michelleHall_mainAn interest in animal behaviour acquired while growing up in South Africa led me to study science for my undergraduate degree at the Australian National University (1992), where I completed an Honours project investigating the function of duetting in Australian magpie-larks (friends studying economics and physics were bemused that someone could enjoy their university study so much). After a few years in the ‘real world’, I returned to research to further pursue my fascination with magpie-lark duets, completing a PhD at the Australian National University (2001), supervised by Prof Robert Magrath. I then moved to the Cornell Lab of Ornithology in the USA for a postdoctoral position, and developed my skills in bioacoustic research by working on the communication system of banded wrens in Costa Rica with Prof Sandra Vehrencamp (2002-2005).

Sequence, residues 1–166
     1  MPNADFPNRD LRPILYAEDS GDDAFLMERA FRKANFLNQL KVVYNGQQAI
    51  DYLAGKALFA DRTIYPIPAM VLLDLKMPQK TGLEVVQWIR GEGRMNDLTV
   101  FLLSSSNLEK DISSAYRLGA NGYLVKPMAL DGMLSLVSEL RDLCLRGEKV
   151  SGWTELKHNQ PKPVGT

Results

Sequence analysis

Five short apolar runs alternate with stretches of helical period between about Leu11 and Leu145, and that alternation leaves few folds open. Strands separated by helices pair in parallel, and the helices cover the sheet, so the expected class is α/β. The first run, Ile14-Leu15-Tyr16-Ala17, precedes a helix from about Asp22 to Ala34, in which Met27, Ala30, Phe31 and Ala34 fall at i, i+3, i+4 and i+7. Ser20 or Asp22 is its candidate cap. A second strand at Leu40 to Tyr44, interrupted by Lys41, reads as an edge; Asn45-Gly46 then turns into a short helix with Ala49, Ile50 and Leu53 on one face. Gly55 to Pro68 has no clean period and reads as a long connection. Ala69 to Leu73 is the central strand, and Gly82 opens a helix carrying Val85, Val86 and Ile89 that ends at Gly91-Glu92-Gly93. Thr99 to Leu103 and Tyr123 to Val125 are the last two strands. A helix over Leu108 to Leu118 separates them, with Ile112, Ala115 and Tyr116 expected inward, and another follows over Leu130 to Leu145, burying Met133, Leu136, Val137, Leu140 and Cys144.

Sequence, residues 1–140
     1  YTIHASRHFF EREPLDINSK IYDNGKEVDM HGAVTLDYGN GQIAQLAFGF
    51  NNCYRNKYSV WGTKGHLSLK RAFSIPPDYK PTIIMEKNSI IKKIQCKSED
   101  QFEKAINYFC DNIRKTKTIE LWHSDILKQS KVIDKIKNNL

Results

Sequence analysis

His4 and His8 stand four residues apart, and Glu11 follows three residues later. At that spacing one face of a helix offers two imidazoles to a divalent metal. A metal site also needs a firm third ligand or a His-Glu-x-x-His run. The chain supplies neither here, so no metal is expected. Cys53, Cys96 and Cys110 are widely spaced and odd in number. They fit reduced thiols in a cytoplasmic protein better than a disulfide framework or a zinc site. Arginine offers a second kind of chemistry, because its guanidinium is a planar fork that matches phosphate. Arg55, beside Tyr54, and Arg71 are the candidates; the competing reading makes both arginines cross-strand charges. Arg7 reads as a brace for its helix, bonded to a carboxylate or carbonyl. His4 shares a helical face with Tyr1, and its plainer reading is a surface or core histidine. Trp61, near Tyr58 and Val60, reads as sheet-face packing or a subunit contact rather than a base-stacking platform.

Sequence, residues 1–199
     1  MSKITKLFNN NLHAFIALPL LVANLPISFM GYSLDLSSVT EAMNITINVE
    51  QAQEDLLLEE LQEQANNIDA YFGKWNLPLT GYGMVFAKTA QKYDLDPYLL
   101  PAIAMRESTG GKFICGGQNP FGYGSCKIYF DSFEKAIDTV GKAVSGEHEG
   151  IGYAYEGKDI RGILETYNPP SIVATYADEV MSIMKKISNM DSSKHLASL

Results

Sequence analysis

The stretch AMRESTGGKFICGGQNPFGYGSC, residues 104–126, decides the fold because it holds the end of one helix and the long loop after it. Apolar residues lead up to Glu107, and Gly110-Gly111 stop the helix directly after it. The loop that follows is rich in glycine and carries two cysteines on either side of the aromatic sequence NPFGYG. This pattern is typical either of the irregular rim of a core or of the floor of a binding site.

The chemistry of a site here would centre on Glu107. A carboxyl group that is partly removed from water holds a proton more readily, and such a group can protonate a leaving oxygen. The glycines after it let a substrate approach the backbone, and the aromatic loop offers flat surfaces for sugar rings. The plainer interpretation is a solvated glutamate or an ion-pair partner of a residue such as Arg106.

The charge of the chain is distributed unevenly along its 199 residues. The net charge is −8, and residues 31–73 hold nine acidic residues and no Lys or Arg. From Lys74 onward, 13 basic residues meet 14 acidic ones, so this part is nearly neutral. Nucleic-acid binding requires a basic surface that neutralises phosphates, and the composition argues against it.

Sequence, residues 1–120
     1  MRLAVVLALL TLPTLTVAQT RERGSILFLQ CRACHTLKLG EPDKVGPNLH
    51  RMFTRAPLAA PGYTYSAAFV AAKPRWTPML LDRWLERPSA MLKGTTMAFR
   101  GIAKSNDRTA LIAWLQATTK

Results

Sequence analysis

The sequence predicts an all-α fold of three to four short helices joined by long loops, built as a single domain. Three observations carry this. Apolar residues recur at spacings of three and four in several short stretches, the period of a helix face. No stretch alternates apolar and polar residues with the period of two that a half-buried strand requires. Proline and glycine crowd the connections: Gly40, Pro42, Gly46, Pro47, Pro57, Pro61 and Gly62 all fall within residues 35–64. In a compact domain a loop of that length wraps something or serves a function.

An offer of a post-doc with Dr Anne Peters at the Max Planck Institute for Ornithology (2006-2010) led me to abandon my migratory lifestyle, and return to duetting and a few new and fascinating topics particularly relevant to purple-crowned fairy-wrens, like the timing of breeding in tropical birds, and dispersal patterns in patchy habitat. My time in this remote and idyllic Kimberley region of northwestern Australia unfortunately came to an end, but I was lucky enough to find a similarly interesting fairy-wren to study on the opposite end of the continent. I currently work with A/Prof Raoul Mulder at the University of Melbourne studying individual differences in the behaviour of superb fairy-wrens, in collaboration with Prof Niels Dingemanse and Prof Bart Kempenaers.


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